Do black holes have a moment of inertia?

The angular velocity of a Kerr black hole with mass $M$ and angular momentum $J$ is

$$ \Omega = \frac{J/M}{2M^2 + 2M \sqrt{M^2 - J^2/M^2}} $$

The moment of inertia of an object can be thought of as a map from the object's angular velocity to its angular momentum. However, here we see that the relationship between these two quantities is non-linear. If we want to think of moment of inertia in the usual sense, we should linearise the above equation. When we do so, we find the relationship

$$ J = 4 M^3 \Omega \qquad (\mathrm{to\ first\ order})$$

And so the moment of inertia is

$$ I = 4 M^3 $$

In other words, the expression you guessed is correct, and the constant of proportion is unity. Note that since the Schwarschild radius of a black hole is merely twice its mass, and since the only two parameters that describe the black hole are its mass and angular momentum, any linear relationship between the angular velocity and angular momentum of our black hole must be of the form $J = k\, M R_S^2\, \Omega$ on dimensional grounds.

Note that $G = c = 1$ throughout.


As pointed out in the comments, it's not obvious how one should define the angular velocity of a black hole. At the risk of being overly technical, we can do this as follows. First consider the Killing vector field $\xi = \partial_t + \Omega \partial_\phi$ (using Boyer-Lindquist coordinates), where $\Omega$ is defined to be as above. The orbits, or integral curves, of this vector field are the lines $\phi = \Omega t + \mathrm{const.}$, which correspond to rotation at angular velocity $\Omega$ with respect to a stationary observer at infinity.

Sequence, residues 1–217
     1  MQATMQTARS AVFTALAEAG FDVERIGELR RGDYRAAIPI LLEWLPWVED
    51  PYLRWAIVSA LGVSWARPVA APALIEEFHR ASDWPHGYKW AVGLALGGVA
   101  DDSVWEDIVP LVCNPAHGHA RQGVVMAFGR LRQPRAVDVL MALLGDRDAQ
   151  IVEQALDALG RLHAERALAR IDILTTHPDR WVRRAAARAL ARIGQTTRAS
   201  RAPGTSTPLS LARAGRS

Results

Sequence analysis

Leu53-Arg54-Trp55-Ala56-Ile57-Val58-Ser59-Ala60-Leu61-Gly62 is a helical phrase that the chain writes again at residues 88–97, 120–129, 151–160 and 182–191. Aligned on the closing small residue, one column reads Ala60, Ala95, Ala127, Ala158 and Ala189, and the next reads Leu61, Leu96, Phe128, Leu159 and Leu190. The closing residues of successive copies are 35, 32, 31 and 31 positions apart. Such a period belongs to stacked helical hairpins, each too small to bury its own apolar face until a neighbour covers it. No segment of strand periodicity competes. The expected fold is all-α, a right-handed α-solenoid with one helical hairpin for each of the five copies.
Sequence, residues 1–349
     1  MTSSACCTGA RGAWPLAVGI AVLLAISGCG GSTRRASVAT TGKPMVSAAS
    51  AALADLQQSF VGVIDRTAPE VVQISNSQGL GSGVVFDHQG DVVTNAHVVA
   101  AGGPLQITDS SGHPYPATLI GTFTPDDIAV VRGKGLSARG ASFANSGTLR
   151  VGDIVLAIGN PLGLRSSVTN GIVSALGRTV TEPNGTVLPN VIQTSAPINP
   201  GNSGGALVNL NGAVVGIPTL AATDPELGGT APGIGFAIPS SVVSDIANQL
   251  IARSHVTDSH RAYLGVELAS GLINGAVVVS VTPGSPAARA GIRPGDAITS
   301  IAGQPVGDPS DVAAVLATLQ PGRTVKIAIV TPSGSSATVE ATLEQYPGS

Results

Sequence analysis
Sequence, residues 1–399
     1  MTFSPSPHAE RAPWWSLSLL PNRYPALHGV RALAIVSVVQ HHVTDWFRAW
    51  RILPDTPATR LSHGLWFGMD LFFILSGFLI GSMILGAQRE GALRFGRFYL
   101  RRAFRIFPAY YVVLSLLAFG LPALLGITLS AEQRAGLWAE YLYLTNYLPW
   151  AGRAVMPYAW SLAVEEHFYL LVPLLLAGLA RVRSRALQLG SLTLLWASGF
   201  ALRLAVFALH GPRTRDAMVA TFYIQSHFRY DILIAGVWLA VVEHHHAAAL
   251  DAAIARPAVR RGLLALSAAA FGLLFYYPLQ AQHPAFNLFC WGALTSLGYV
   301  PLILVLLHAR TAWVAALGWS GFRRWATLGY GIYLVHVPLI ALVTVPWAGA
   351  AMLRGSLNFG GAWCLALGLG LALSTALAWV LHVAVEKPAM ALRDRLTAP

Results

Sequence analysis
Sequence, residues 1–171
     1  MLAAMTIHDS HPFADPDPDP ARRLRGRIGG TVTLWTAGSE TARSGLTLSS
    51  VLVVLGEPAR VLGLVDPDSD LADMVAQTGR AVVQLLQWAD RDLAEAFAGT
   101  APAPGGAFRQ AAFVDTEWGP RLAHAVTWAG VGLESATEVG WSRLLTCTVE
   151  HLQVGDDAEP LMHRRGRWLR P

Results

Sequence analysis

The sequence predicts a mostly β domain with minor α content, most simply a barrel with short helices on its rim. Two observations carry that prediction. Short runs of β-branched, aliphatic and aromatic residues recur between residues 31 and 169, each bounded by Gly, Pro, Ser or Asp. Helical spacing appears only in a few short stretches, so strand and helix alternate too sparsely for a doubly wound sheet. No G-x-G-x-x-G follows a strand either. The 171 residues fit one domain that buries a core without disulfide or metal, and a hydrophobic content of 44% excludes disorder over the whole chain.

One can show that this vector field is tangent to the event horizon, and its orbits lying on the event horizon are geodesics. These geodesics hence rotate at angular velocity $\Omega$ (with respect to an observer at infinity), and hence it is natural to interpret the quantity $\Omega$ as the angular velocity of the black hole. Whether it is possible to make a more definite statement than this I do not know.

Moments of inertia are defined about a given axis of rotation.

Moment of inertia is the name given to rotational inertia, the rotational analog of mass for linear motion. It appears in the relationships for the dynamics of rotational motion. The moment of inertia must be specified with respect to a chosen axis of rotation

There exist rotating black holes.

A rotating black hole is a black hole that possesses angular momentum. In particular, it rotates about one of its axes of symmetry.

Thus by definition a black hole, since it is massive , must have a moment of inertia, for details see this link, or this link.